Archive for July, 2006

>Even six years after he left office, people still enjoy bashing Bill Clinton. He doesn’t hold a public office anymore, so it’s difficult to understand why he’s still so hotly debated. The most common complaint about Mr. Clinton is one I know Dave will bring up; that he lied to the American public about the Monica Lewinsky affair, so how do we know he wasn’t lying about anything else? Unfortunately, because of this feeling, this episode will haunt Bill’s legacy forever. I have to point out that just because he lied about an issue which was personally embarrassing and of a private nature, this does not mean that he was untruthful in his capacity as the commander in chief. Unfortunately, the media was successful in making a personal issue a public one. Because of this political fiasco, Americans have forgotten Clinton’s political record, which is very unfortunate, as it was quite impressive. # The longest economic expansion in American history — a record 115 months of growth. # More than 22 million new jobs were created in less than eight years — the most ever under a single administration, and more than were created in the previous twelve years.# The Lowest unemployment rate in 30 years — from 7 percent in 1993 to just 4.0 percent in November 2000. # The lowest crime rate in 26 years — because of President Clinton’s comprehensive anti-crime strategy of tough penalties, more police, and smart prevention, as well as common sense gun safety laws, the overall crime rate declined for 8 consecutive years, the longest continuous drop on record.# The Family and Medical Leave Act was created for 20 million Americans — over 20 million Americans have taken unpaid leave to care for a newborn child or sick family member.# The smallest welfare rolls in 32 years — the President signed landmark bipartisan welfare reform legislation in 1996. Since then, caseloads have been cut in half, and millions of parents have joined the workforce. # Paid off $360 billion of the national debt — between 1998-2000, the national debt was reduced by $363 billion — the largest three-year debt pay-down in American history.# Converted the largest budget deficit in American history to the largest surplus — thanks in large part to the 1993 Deficit Reduction Act, the 1997 Balanced Budget Act, and President Clinton’s call to save the surplus for debt reduction, Social Security, and Medicare solvency. If the Lewinsky affair was completely erased from the record books, we would be left only with this record. This list is far from complete, and is still remarkable. I challenge Republicans to debate this political legacy, rather than focus on the former president’s private life. And for the record, Dave, despite my defense of the man, I too am angry with and disappointed in President Clinton for besmirching his record so foolishly — just not enough to forget all of the good political works he accomplished while he was in office.

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>Who first came up with “have a nice day?” And did anyone ever actually mean it? It’s an expression that has been passed down for generations now, and I’m not sure anyone knows where exactly it started.When I worked in the service industry, I never used this phrase, because I don’t think it is very sincere. We usually hear these four words as we leave a cashier at the grocery store, gas station or other similar business. We often hear it from complete strangers when we’re on the phone, as well.Generally, the amount of enthusiasm and care given to uttering it are considerably dispassionate. On the other end of the spectrum, the fake enthusiasm given to saying it are enough to cause nausea.It has become the mandatory period to any conversation where one participant of the exchange is a member of the general public, and the other, a customer.Does the guy working behind the counter at the gas station really care if I have a nice day or not? He doesn’t even look up at me when he says it, and the amount of excitement in his voice is on par with saying something like “enjoy your root canal as much as I did mine.”I haven’t ever found myself pulling into the service station in a bad mood, paid for my gas, and miraculously turned my attitude around after being asked to “have a nice day” by a complete stranger.“Why, thank you very much, young man! I think I will just go out and have a nice day! That was all I needed!”Okay, that was a little too sarcastic, I know.But why do we say it? What is it adding to the human experience? I advocate that we discontinue this worn tradition and instead replace it with a genuine, sincere conversation between customers and the businesses that they patronize. Or, as a service employee, if you choose not to engage the customer in any type of joyless banter, feel free not to do so. The lack of a conversation is better than a canned corporate sentiment doled out with the most minimal of intensity. Now, I’m not being pessimistic, or disparaging to anyone in particular. Once in a while, someone bids me a good day and I think they actually do wish me some good will. There are some actually genuine folks out there asking me to have that nicest of days — but that is the choice of the person doing the talking — they shouldn’t feel obligated to do so because of tradition or some ridiculous company policy.I think we need to free service industry workers from feeling that they have to wish me good will. If you are waiting on me, folks, you’re off the hook. Don’t go too far the other way, though, you still have to be pleasant.If someone leaves a bad tip, or is difficult, these hard working, often low paid service workers aren’t allowed to say “have a bad day,” so why force anyone to say the opposite if they don’t want to? When I was a waiter, (for what seemed like an eternity), there were many times that I held my tongue when people snapped their fingers at me, or treated me with a level of condescension previously reserved for bottom-feeding members of the lowest echelon of society. I found that in those situations, it was better to just not say anything at all, lest I say something I might regret. I surely didn’t want any of these bad eggs to have anything resembling a nice day after they left my company. I actually wished for quite the opposite.Why not just cast away the catch-phrase “have a nice day” forever? Blot it out of the public consciousness. Pretend it never existed. It may even feel liberating for us all, who knows?And while we’re at it, lets do away with asking each other “how are you doing today?”, when calling complete strangers on the phone. Nothing tips me off to a telemarketer more quickly than picking up the phone, hearing my first name pronounced “clean”, and then being asked how I am doing today by an unrecognized voice from some telemarketing warehouse in Idaho. He doesn’t care how I’m doing. Its just something that’s written on his little telemarketing script. Sometimes I just say “horrible, I just lost my job, my dog was hit by a car, and I found out I have cancer. How is your day going?”He lied when he pretended to care how I’m doing, so I’m just returning the favor. So, if you don’t mean it, lets do each other a favor and just skip all of the fake sentimentalities, especially “have a nice day.” Wish me a nice life, or a nice month, or something more original, instead.Cean Burgeson can contacted during one of his nice days at: cburgeson@pioneergroup.net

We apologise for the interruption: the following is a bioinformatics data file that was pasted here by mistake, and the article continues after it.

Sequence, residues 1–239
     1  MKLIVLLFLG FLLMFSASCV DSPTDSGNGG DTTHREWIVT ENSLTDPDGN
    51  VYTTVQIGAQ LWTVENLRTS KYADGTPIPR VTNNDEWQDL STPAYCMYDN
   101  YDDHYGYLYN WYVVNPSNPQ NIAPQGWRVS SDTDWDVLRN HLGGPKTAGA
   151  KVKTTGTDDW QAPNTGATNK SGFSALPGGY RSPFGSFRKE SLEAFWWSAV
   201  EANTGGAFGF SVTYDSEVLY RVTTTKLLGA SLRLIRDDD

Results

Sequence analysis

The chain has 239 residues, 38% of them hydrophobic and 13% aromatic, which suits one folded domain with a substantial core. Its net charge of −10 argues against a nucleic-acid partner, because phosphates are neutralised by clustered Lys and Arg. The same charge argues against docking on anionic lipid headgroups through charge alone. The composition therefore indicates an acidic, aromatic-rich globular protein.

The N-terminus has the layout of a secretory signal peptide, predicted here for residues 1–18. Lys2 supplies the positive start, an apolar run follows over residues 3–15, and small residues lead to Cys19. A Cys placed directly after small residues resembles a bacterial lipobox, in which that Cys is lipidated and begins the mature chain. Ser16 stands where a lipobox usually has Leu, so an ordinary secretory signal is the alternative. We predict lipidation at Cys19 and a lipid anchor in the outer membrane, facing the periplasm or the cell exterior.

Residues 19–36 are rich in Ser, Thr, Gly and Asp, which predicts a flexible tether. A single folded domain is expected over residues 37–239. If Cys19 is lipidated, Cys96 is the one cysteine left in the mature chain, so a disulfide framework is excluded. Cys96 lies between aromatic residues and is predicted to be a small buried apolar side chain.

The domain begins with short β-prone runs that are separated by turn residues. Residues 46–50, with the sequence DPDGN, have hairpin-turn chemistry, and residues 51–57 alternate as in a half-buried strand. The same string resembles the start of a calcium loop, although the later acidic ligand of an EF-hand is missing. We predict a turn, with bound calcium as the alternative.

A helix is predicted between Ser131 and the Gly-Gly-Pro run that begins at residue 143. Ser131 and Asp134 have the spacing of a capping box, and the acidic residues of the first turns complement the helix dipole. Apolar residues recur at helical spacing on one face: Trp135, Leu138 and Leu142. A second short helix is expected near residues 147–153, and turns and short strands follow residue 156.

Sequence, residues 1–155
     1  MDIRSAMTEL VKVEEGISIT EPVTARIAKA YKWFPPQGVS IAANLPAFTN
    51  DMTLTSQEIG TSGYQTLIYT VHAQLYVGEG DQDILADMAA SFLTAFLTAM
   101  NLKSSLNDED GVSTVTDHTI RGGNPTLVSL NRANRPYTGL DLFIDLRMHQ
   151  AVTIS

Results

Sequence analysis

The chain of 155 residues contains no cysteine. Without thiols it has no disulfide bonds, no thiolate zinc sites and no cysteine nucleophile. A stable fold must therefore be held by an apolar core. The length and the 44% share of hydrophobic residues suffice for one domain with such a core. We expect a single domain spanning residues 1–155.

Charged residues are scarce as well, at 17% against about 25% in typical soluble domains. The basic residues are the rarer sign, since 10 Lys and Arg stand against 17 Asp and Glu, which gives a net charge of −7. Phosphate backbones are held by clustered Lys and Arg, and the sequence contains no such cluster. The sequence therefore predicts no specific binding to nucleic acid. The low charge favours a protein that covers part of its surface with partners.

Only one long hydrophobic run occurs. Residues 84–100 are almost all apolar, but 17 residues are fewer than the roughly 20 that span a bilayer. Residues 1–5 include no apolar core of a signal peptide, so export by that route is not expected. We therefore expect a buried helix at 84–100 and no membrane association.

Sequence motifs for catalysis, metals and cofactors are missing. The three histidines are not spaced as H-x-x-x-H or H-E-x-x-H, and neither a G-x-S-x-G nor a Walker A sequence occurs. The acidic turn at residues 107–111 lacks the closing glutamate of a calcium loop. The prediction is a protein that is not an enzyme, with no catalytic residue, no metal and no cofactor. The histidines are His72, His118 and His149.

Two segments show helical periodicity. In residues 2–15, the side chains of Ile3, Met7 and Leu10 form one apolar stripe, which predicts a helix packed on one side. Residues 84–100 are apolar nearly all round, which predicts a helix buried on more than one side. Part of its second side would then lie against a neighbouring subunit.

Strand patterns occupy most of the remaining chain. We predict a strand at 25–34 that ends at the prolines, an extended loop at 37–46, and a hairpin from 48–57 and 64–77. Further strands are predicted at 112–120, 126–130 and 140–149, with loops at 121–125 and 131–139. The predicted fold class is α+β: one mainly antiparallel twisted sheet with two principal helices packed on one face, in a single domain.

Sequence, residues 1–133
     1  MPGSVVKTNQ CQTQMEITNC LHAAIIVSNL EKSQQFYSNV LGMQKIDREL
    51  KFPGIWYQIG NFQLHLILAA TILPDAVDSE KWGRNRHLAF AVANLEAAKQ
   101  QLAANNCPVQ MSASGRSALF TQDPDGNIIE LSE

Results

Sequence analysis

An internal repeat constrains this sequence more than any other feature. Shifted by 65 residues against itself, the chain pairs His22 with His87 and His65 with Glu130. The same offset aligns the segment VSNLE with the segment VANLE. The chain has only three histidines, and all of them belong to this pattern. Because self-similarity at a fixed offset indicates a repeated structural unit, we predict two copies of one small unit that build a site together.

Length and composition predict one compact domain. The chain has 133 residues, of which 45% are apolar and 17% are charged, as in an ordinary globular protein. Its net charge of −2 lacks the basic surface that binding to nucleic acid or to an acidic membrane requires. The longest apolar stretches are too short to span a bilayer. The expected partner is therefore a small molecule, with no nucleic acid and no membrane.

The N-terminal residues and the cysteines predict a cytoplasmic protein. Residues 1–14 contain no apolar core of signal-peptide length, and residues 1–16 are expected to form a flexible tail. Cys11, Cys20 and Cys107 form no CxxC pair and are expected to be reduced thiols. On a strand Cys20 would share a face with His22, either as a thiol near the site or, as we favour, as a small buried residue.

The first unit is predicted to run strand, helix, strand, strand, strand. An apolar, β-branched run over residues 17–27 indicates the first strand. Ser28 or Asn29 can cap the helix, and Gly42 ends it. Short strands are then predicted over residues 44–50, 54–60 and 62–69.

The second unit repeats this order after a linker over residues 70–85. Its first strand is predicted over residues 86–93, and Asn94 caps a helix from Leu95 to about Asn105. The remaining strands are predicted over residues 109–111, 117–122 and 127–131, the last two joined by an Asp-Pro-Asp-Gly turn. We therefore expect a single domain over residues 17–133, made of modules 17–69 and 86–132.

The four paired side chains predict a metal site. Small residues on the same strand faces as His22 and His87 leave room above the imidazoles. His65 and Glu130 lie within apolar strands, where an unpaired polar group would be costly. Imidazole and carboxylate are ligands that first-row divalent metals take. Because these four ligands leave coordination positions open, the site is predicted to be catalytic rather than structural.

>On my recent trip to Norway, I was introduced to what is referred to as “social democracy.” From what I can gather, this means paying higher taxes in exchange for a larger range of benefits from the government. Upon hearing this idea, many Americans get scared. No politician in our country attempts to win an election by touting the need for higher taxes. I admit, I don’t like going out of pocket any more than I have to as far as Uncle Sam is concerned, but I wonder if we might pause for a moment and examine the benefits of a political system designed solely for the welfare of its citizens.The first thing that people think of when socialism is mentioned is the concept of “socialized medicine.” U.S. politicians describe a system like this as one in which access to doctors is strictly controlled and there are long lines to receive treatment or medications. In my queries of several Norwegian citizens, this doesn’t seem to be the case. None of the folks I spoke to voiced these concerns, and one of the people I interviewed was a cancer survivor who says that she received excellent care — with no delays — and was very happy with the way in which her disease was treated. Persons who fall ill in Norway are guaranteed medical treatment. The health service is a cornerstone of the Norwegian welfare state. Universal access to quality public health care is the Norwegian authorities’ goal. As a basic principle, health services are distributed according to need – not according to ability to pay.All of the programs under control of the Norwegian government appear to a tourist such as myself to be well administered and orderly. The public transportation was excellent, the buildings and streets were clean and well maintained, and there were walking/running/biking paths everywhere. Norway’s citizens must use these paths too, as we didn’t see a single obese person while we were there. The inhabitants I met all seemed to be happy, healthy, and content. They should be; they are far less stressed than Americans. They generally end their work day between 3 and 4 o’clock, they don’t have to pay for a college education, and they are guaranteed health and welfare benefits.Residents of Norway have a right to economic assistance and other forms of community support during illness, old age or unemployment. About 35 percent of the state’s budget is spent on the Norwegian health and social welfare system. The retirement age in Norway is 67. For the rest of their lives, retired Norwegians receive an old age pension from the National Insurance Fund. All Norwegian residents are guaranteed a minimum pension, and they receive about half their previous salaries. When pregnant, women who have been employed for at least six of the last ten months are entitled to a maternity leave with full pay. The mother can choose between 42 weeks of leave with full pay or 52 weeks with 78 percent pay. Four weeks of the leave must be taken by the father (the paternity quota). Once the children arrive and the parents return to work, the government compensates them for a portion of the funds they use for daycare, and even rewards those who don’t choose to use daycare.I tried very hard to find a drawback to socialized democracy, and I could only find one area which was a bit trickier than in our own system. There apparently was a problem with alcoholism in Norway a while back, and as a result they have a zero tolerance policy in regards to drinking and driving. As a result, you cannot purchase beer after 8 p.m. on weekdays, 6 p.m. on Saturday, and no alcohol is sold on Sundays. We have states and counties like this in the U.S., so this isn’t an entirely alien idea, and quite honestly, is limiting drinking and/or driving ever a bad idea?So why does the idea of modern socialism really scare us so much? In Norway they have free elections, a political system with several parties, (to our two), and a free press. There are state television stations, but also several commercial stations. I heard American music on the radio, and they didn’t even edit out the bad words. There are newspapers which support the mainstream as well as radical views, and the state appears to let them go about their business without intervention.I’ll tell you why I think we get so scared of this “radically different” idea of government. First off, we don’t want to increase our taxes; but if we are receiving so much more in return, why not? That leads to our second fear — bigger government. I don’t want to live in a world where big brother controls my every move, but didn’t we elect our politicians under the guise that they would create a government that would take care of the needs of its citizenry? While no system is perfect, and I’m sure Norway’s isn’t, it’s certainly possible to extract a few of their ideas for use under our own democratic system without substantially changing the level of freedom we as Americans demand. As we stand on the brink of a social security and health-care crisis in this country, I think it would behoove our governing bodies to think outside the box a little and examine systems in use around the world that seem to be working a little better than our own.Cean Burgeson can be reached at cburgeson@pioneergroup.net